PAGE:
“Norway is well-equipped on the soldier level with night-vision capabilities […] and we have also been able to field weapon sights to both soldiers and crew-served weapons.”

Lieutenant Colonel Rune Nesland-Steinor

Dark and bite

Compared with Lockheed Martin or Raytheon, Senop is hardly a household name. Yet, this Finnish defence contractor, based in a docile business park outside Tampere, is in the process of transforming the country’s night-vision capabilities. A case in point is the firm’s EVA 40 night-vision goggles. Boasting aspheric, high-precision glass optics, and made from state-of-the-art composite materials, the goggles are reputed to be among the lightest around. Nor is that the only area where the Finnish Defence Forces – which hopes to fully deploy EVA 40 goggles by 2024 – is transforming its night-time capabilities. From laser beacons (identifying friends from foes) and laser sights (for aiming weapons), Tiilikka argues for a “significant leap” in what his army can do at night. “Now,” he says, “we have the possibility for each individual rifleman to detect, identify and engage with their personal and squad weapons in the dark.”

The Norwegian army, for its part, is moving in a similar direction. “We are always keeping a close eye on technical developments in the market,” says Nesland-Steinor, adding that blending light-intensifying and thermal technologies has “proved to be beneficial”. All the same, speak to the experts and it becomes clear that this new world of night vision is down to far more than technical wizardry. For starters, Senop didn’t just conjure up its new equipment overnight, but rather worked closely with Tiilikka and his colleagues to make it happen. Among other things, that means the power sources on the goggles are more efficient than they otherwise might have been. Other countries, for their part, have taken similar steps. In the UK, for instance, the Ministry of Defence (MoD) is partnering with Elbit Systems to develop new helmet-mounted night vision systems, with the MoD even boasting an outpost at Elbit’s Kent factory.

Given how sophisticated these devices are, moreover, training is vital to success. Nesland- Steinor is typical when he says that a robust understanding of night vision goggles is key to achieve their “full value”, noting that being so far north gives troops plenty of time to practice over the winter months. Tiilikka makes a similar point. “There is a specific night-combat training course to teach the basics of small unit tactics at night-time,” he explains of his military. “And, after that, our exercise system with systematic field and live-fire exercises include training in low-and-no-light conditions.” The only challenge, Tiilikka adds, is when those endless nights are replaced by the ceaseless days of summer – and darkness is only really possible in a curtained room.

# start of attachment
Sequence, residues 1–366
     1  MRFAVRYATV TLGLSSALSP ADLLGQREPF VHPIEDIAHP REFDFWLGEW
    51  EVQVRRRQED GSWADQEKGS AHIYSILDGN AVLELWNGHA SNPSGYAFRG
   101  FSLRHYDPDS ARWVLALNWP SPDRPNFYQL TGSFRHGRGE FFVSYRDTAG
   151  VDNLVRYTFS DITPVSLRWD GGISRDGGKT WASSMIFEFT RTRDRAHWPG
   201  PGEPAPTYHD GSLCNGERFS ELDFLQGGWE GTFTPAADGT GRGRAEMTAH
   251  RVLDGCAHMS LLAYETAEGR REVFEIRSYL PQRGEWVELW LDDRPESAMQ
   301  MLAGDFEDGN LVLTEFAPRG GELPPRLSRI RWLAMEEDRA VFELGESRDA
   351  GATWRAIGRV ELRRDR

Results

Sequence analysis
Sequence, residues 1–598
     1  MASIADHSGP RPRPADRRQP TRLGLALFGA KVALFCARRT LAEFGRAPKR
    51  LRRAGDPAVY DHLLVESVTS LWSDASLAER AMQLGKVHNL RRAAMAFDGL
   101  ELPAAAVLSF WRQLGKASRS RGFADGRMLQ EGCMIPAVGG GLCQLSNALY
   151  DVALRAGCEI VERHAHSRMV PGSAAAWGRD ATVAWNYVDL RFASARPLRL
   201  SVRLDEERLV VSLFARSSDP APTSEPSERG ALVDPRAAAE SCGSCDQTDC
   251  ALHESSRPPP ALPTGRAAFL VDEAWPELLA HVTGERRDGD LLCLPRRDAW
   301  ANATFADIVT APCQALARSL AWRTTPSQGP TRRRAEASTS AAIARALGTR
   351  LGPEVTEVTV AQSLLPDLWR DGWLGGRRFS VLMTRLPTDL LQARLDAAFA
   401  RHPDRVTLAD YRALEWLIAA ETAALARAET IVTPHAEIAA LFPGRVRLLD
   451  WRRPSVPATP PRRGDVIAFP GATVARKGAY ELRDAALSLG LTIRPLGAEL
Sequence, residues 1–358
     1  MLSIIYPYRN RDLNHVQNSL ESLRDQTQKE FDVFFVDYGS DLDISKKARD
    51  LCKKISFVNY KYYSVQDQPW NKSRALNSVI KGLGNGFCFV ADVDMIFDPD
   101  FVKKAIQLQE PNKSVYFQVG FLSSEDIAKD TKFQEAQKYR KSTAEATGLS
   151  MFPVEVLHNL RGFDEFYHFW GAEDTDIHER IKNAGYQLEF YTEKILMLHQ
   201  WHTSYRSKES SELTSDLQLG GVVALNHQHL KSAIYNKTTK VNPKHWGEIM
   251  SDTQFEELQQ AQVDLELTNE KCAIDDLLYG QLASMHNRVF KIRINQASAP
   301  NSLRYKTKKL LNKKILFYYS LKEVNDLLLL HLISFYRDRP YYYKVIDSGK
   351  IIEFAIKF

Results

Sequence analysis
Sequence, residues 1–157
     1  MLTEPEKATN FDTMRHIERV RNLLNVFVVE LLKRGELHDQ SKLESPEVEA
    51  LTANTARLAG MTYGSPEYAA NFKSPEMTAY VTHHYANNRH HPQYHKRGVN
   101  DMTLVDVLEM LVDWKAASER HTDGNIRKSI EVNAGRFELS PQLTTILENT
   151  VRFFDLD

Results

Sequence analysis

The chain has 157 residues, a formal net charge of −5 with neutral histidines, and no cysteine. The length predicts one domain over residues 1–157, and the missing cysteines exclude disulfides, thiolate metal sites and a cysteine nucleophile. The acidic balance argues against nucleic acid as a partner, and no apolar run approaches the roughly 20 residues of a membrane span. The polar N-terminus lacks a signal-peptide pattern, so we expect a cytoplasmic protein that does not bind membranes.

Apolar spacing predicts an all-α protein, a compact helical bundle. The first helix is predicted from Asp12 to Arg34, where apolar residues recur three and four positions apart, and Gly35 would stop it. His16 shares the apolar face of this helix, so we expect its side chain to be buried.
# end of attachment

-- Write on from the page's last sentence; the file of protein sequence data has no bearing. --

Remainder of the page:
Reality checks

Despite these undoubted successes, it’d be wrong to imply that advances in night-vision technology are flawless. On the contrary, Tiilikka stresses that some of the fundamental limitations of night vision are here to stay. Because of its relative cheapness, for example, he says photomultiplying will “remain the backbone of infantry night combat capability for some time” – despite continued struggles in the face of sudden flashes. On a more fundamental level, meanwhile, Tiilikka notes that nothing but training can make night vision easier to use. Artificially making the night sky shine, he says that some users find it hard to use the machines in practice, adding that headaches and tiredness can be insurmountable side effects for a minority of soldiers.

Yet, if some of the limitations of night-vision goggles show no sign of disappearing, both Tiilikka and Nesland-Steinor are excited for the future. A particular area of interest, they agree, is exploiting the vast potential of augmented reality (AR). Apart from helping distinguish friend from foe, these new systems can offer users other useful information, such as maps or navigation instructions, beamed right onto the goggles as if the wearer were in a video game. Combined with other nifty tools, including the ability to combine low-light and thermal images, it should come as no surprise that armies are rushing to embrace AR. The US military is already investing heavily in the technology, while the Nordics are close behind. As ever, the brutal weather provides both challenges and opportunities, with Tiilikka noting that Finland is currently investigating non-fogging spectacles that don’t mist up in the cold. But given everything he and his team have achieved already, there’s every reason to believe they’ll get there in the end – an ominous development for the grandchildren of those hapless Russian attackers eight decades ago.